Politically, while the idea of general patent reform is laudable, it faces inevitable opposition from industries like the pharmaceutical industry, where the patent system seems to be working. A broad-based Patent Reform Act, now in Congress, has been watered down considerably because of pharmaceutical opposition. Pharma has a point. In their industry, patent does what it should—the software insanity isn't their fault. That's the political problem with one-size-fits-all patent reform—you're always getting under someone's thin skin.

Many theorists favor the one-size-fits-all solution because they think that over time, the same arguments for drug patents must also justify software patents. But that isn't necessarily so. Everyone agrees there are some goods that benefit from patents and others that just don't. No one (well, almost no one) argues that we need patents on books or films to create a successful publishing or film industry. There is no reason to assume all goods will be equally uplifted by patent's magic.

Somewhere in patent heaven there's an economic line dividing things that do and don't benefit from patent, and the last decade has provided good evidence that software is on the wrong side of that line. The reason is that the nature of software will always make it hard to draw borders around software inventions—and a property system without clear borders is invariably a disaster. The whole case for property rights generally, as Columbia Law patentista Clarisa Long points out, depends on how hard it is to know when you're trespassing. In the case of real estate, for instance, fences and deed maps make ownership clear. In other areas of intellectual property, we know by the tangible product alone who owns Prozac and who owns Harry Potter. But intangible code is by its nature hard to draw boundaries around. The "measurement costs" of software's boundaries—defining where one algorithm begins and another ends—are inescapably high.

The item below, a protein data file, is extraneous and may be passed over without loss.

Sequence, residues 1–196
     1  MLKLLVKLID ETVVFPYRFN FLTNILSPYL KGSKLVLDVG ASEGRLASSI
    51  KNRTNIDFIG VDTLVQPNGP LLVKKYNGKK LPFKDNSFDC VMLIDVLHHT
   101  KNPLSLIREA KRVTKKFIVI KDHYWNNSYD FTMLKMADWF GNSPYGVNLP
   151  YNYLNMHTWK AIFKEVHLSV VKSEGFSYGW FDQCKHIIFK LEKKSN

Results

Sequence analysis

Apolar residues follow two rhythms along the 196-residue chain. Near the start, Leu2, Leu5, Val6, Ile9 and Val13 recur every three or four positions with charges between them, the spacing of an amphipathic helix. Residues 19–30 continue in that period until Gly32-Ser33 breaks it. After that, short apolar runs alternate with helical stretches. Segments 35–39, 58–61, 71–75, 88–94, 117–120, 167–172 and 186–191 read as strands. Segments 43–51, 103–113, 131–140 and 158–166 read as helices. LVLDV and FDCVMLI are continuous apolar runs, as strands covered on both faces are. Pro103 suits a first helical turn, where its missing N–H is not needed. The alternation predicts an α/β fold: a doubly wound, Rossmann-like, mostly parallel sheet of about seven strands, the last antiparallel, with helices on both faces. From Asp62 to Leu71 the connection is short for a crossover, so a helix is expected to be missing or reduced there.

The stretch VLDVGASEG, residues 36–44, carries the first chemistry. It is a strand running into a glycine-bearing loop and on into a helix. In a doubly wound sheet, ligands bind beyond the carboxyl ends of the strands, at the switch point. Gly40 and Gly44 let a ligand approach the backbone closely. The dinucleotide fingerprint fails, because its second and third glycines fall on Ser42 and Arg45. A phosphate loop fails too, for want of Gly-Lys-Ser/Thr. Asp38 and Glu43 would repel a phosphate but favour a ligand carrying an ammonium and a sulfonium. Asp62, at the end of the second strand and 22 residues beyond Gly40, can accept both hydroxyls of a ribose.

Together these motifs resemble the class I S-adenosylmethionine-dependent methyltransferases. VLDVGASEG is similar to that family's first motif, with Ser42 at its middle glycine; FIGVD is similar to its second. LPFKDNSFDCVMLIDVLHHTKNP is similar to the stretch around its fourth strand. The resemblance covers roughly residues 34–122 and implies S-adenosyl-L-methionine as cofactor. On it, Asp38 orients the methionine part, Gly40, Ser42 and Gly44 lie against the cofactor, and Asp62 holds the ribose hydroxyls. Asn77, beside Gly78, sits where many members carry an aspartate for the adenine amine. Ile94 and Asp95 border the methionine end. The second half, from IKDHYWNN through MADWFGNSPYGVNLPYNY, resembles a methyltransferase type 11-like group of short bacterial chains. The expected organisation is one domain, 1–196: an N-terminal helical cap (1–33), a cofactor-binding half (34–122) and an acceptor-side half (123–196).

This point about measurement costs is borne out in practice. As anyone in the industry will tell you, and as Ronald Mann has documented, most programmers or firms cannot figure out whether they're infringing software patents or not and simply always assume they are. The point is simple: Property without discernable borders brings all the costs and none of the benefits.

Why, then, does the software industry want patents at all? Software firms, in the main, don't rely on software patent in fundamental ways—they innovate to make a better product. Instead the patents are employed for secondary purposes—like trying to show investors how smart one's engineers are, or sometimes for low-key money-laundering (fake sales of worthless patents can be used to move money around). Many companies keep their patents on display, in a trophy case—realizing that this is their main value. Perhaps large firms hope to use a portfolio of software patents to stall smaller rivals—yet so far the news is all about David using patents to beat up on Goliath, and not vice versa.

In this debate it must be remembered that the regime of easy patenting of software is not natural law but an experiment—a judicial flight of fancy in an area of difficult economic policy. To remain healthy, the U.S. legal system should experiment, but it also needs to recognize when its experiments have failed. Both Congress and the Supreme Court have a chance to do something about the problem this year. The rise of the patent trolls is, in this sense, telling us something—that it may be time to end a system that is doing no one any favors.